Hartwell’s shallows are key for stripers, hybrids

Guide Preston Harden likes to free-line live bait for hybrids and stripers on humps, shoals or points. (Photo by Pat Robertson)

Mornings and afternoons are productive

April may be the most-popular fishing month on South Carolina’s Lake Hartwell because it is the shallow month for most species, according to Preston Harden of Bucktail Guide Service.

“The bass are shallow, the hybrids and stripers are shallow and crappie are still spawning shallow,” said Harden. He also said mornings are as good as afternoons this month after fishing mostly in the afternoon in March.

“The bass will stay shallow all day. Sometimes, the hybrids and stripers will feed shallow and then move out. But then they will move back later.”

A lot of fishermen go up the rivers in April because the narrower waterways congregate stripers, and fish can get crowded in the upper reaches. Some fish do migrate up the lake to spawn. But a lot hang on the shallow banks down the lake, he said.

“By April, hybrids and stripers are keying on herring. So if you can get a herring close to one, he will eat it,” said Harden (706-255-5622). If you can get a herring within 20 feet of a striper or hybrid this time of year, he will eat it.”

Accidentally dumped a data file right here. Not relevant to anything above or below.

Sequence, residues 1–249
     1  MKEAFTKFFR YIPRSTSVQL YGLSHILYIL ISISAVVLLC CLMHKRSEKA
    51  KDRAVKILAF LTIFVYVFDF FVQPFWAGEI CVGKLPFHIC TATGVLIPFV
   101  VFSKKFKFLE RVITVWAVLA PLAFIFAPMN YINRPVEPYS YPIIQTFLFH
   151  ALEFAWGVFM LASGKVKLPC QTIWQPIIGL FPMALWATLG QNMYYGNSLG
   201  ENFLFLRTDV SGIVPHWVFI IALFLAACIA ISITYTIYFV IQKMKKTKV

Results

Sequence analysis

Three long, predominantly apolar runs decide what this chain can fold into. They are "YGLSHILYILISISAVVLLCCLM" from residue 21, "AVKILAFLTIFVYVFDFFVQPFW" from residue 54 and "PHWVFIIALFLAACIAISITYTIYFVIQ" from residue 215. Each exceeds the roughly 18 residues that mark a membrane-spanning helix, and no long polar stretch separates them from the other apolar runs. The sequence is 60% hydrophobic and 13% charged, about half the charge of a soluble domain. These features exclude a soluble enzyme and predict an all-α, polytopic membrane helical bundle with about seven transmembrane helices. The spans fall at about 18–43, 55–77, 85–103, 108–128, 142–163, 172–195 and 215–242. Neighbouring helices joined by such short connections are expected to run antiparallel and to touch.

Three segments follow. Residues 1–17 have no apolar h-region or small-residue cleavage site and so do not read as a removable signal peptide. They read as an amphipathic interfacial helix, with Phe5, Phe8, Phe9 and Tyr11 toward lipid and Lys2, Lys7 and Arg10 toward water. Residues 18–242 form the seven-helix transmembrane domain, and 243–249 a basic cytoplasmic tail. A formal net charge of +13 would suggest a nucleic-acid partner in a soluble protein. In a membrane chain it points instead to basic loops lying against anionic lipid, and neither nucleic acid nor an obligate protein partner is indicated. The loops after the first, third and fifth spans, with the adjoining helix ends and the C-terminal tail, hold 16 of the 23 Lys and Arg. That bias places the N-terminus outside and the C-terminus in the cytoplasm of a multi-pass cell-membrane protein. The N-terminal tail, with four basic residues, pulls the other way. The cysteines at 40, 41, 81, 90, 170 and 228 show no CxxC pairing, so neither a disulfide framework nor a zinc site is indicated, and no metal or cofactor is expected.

Artificial lures are also good this month

Harden’s favorite way to fish is to get around a shoal, a hump or a point and put out free-lines with no weight.

“If they see it, they are going to eat it,” he said. “I also like to fish artificials in April. My favorite is a bucktail jig with a little Zoom Fluke. Just make it dance in the water. My next favorite is a Scrounger jighead with a Fluke. Another excellent lure in April, especially later in the month, is a white Sebille Magic Swimmer. It’s a no-brainer; just reel it right under the surface and get it wobbling back and forth.”

Harden explained that when stripers and hybrids are just feeding around but are not real aggressive, they will hit the Sebille.

“The main thing in April is keying on shallow water,” he said. “This lake is full of 5- to 10-pound hybrids and there are a lot of 10- to 12-pound stripers. They have put so many fish in this lake in the past three or four years it is on the verge of being unbelievable. We may not be known for monster fish right now, but we do have the numbers. And a bonus is that the spotted bass have just come on strong.”

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